As long as people are making predictions for the new year, I’ll hazard something myself: Israel and America will have a loud diplomatic dispute about 11 months from now.
President Obama’s initial attempts at jump-starting the Mideast peace process were well-intentioned and sound from a policy perspective, but somewhat naive politically. Demanding a settlement freeze, after all, conforms with decades of US policy and is necessary for the political and demographic survival of the Jewish state.
What he did not count on — but should have — was the Leninism of the Republican Party and the anti-Zionism of the current Israeli government. The GOP’s current commitment to putting party over country means that it will undermine any policy initiative, no matter how positive, that does not contribute to its assumption of power. Thus, the right wing immediately spread the meme of Obama’s supposed anti-Israel outlook. This is nonsense: of all the Presidential candidates, only Obama seems to know or care about the impending demographic disaster that will occur if the settlements persist. As for the Likud (and its US adjunct, also in the GOP), it seems oblivious to all of this, insisting that Israel is a democracy even if the settlements make it impossible ever to withdraw from the territories. (Note: this does not mean withdrawal now is necessary; rather, it must be possible, and the maintenance of hundreds of thousands of settlers in West Bank makes that close to impossible).
Seeing the political writing on the wall, Obama backed off. He basically had no other choice. But after the election, he will.
This is true whether or not he wins re-election. It is not too hard to imagine a series of Security Council resolutions demanding settlement freezes, or recognizing a Palestinian state. They might clarify UN Resolution 242/338 by saying that “the territories” referred to in those resolutions comprise all of the territories in mandatory Palestine conquered in 1967. These resolutions will not be anti-Israel, but rather anti-Likud, which as I noted above, is now a basically anti-Zionist party.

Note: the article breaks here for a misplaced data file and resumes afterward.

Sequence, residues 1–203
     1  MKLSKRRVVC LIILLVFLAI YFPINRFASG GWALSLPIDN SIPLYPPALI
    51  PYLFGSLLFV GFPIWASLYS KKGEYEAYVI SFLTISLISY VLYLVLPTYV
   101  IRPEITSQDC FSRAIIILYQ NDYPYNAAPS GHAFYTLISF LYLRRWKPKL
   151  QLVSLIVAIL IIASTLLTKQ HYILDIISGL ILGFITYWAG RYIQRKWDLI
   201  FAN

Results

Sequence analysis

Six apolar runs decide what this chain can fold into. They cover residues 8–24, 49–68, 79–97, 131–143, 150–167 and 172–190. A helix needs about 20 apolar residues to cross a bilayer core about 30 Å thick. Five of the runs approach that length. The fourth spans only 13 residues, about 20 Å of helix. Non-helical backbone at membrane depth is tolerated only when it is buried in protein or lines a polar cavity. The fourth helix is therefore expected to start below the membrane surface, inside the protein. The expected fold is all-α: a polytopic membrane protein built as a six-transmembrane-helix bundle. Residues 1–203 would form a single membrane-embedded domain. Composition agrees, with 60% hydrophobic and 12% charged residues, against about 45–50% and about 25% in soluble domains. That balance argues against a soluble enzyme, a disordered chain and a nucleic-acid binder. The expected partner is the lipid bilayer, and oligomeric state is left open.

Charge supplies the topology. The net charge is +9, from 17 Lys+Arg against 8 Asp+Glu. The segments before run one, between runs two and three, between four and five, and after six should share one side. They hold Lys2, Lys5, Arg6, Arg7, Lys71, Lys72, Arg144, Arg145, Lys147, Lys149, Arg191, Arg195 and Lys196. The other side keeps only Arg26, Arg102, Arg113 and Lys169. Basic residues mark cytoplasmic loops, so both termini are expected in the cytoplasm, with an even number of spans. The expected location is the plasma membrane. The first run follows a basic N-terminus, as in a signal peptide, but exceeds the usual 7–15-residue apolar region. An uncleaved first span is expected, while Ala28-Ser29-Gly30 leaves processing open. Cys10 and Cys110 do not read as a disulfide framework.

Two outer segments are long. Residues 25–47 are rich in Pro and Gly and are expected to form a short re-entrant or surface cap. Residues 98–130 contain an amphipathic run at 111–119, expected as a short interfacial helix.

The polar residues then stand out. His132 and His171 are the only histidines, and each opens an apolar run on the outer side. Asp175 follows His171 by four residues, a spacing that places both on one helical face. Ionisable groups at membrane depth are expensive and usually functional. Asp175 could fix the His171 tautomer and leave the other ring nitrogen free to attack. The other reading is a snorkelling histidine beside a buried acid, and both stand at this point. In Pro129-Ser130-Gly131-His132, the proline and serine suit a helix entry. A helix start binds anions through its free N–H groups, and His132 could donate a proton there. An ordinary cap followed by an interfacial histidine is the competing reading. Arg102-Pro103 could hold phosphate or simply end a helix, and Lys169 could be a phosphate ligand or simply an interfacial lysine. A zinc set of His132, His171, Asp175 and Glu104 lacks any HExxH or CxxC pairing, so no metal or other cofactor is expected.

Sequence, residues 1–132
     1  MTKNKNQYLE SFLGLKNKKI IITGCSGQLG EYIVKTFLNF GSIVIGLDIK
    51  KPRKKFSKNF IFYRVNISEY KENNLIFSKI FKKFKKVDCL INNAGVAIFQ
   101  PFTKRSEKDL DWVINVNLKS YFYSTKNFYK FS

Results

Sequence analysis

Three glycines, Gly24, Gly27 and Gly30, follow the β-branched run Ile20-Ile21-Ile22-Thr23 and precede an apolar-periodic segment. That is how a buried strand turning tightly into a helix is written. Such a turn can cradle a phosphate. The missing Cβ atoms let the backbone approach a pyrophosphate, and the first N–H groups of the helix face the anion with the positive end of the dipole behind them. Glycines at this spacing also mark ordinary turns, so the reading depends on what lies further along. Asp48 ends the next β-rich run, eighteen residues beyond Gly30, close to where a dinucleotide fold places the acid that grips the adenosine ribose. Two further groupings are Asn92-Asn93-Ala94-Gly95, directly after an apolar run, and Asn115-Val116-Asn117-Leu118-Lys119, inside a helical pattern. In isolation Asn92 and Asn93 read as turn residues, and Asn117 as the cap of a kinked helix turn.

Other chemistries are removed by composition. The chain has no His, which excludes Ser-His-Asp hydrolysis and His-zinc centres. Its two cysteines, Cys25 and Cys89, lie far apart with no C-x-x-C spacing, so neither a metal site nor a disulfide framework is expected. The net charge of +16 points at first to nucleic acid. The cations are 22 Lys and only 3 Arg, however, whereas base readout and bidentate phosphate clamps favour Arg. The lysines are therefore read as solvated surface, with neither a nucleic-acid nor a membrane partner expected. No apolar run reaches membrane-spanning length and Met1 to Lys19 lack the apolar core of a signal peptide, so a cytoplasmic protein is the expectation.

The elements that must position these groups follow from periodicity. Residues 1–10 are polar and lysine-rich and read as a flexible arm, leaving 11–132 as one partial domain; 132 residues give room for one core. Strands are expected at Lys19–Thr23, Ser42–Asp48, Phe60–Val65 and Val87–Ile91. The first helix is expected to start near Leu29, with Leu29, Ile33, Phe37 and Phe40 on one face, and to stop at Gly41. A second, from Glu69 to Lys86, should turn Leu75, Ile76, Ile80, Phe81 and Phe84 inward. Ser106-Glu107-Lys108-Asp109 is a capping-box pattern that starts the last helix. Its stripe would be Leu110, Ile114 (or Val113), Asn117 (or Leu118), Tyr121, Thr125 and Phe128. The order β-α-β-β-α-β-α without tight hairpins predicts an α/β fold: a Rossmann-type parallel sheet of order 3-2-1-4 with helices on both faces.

In the past, we could easily expect a US veto. But after Election Day, President Obama is a lame duck either way — his term will end either in January 2013 or January 2017. He will be untouchable politically. It is no accident that Ronald Reagan — that well-known enemy of Israel — initiated the formal US dialogue with the PLO in December 1988, when he had one month left in his term. It will not be hard for Obama to tell his UN representative to abstain from these motions. I think he will be particularly happy not to take the phone call from Netanyahu.
All of this assumes, of course, that the status quo remains in place for the next 10 months — which it might not. I still believe that even a politician as crass, unprincipled, and oleaginous as Netanyahu will not want to commit national suicide by attacking Iran. Ditto with mullahs in Tehran. If not, not. Then we will have bigger problems. But assuming complete madness does not overtake the Middle East (always arguable), the smash will come in about 11 months.